Letters to the Editor

Don't look to the North on Southern secession

Is it a psychological or intellectual barrier that won't allow some of your readers to get it?

The Civil War began with the secession of the Confederate states. The reason they seceded was that they believed that the entire basis of their economic life -- the slave system -- was threatened by the election of Abraham Lincoln. Confederate leaders stated this position clearly in Charleston in 1860.

Trying to quote Ulysses S. Grant to show that slavery wasn't the cause is bizarre, to say the least.

At Appomattox, Grant famously stated that he could not "rejoice at the downfall of a foe who had fought and suffered so much for a cause, though that cause was, I believe, one of the worst for which people ever fought."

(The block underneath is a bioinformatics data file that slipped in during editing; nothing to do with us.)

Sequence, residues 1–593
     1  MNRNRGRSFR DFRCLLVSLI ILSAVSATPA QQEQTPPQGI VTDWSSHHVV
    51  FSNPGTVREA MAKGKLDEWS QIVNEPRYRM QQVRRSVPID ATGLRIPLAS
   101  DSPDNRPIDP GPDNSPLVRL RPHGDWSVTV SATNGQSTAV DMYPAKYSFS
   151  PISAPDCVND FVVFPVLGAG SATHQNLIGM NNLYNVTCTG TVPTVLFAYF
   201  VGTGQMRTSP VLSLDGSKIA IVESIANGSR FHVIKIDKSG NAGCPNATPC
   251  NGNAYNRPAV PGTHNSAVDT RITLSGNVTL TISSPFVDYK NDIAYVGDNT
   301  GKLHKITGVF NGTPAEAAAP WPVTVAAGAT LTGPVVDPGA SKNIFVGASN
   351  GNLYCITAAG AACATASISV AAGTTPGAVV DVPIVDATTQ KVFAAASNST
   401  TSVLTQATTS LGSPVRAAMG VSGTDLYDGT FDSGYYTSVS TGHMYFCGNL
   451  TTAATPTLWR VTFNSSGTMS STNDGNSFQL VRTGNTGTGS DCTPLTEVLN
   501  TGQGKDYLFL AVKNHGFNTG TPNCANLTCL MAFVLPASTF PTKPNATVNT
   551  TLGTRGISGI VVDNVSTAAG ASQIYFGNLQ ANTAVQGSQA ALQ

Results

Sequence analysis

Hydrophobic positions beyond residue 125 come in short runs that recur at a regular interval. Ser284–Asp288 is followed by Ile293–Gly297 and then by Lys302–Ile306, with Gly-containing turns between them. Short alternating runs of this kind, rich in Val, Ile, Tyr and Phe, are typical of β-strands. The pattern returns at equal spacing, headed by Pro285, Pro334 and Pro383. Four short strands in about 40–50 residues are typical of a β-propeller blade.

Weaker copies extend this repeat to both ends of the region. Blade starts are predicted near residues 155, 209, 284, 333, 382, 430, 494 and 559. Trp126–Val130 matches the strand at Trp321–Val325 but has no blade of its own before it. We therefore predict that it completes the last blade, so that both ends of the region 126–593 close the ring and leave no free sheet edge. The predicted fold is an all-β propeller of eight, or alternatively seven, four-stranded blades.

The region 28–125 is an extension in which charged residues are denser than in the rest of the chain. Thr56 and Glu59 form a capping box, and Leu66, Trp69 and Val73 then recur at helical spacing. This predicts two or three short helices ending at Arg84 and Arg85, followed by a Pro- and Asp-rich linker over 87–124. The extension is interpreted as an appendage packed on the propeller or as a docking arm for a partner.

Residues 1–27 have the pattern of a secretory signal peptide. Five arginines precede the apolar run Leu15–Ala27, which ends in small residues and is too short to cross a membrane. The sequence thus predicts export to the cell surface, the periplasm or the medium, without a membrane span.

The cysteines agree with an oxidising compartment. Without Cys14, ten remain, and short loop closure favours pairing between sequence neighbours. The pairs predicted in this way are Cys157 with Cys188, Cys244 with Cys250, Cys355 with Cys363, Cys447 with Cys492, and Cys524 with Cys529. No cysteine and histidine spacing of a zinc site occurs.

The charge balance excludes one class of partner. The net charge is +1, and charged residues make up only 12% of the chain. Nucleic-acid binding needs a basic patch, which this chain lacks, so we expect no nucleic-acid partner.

In his memoirs, Grant wrote, "The cause of the great War of The Rebellion against the United States will have to be attributed to slavery. Slavery was an institution that required unusual guarantees for its security wherever it existed. Hence, the people of the South were dependent upon keeping control of the general government to secure the perpetuation of the protection of their favorite institution."

When Grant met Otto Bismarck in 1878, Bismarck said he had thought that the federal government fought "to save the Union." Grant responded: "Not only save the Union but destroy slavery. We felt it was a stain to the Union that men should be bought and sold like cattle."

Dean Dizikes

Hilton Head Island

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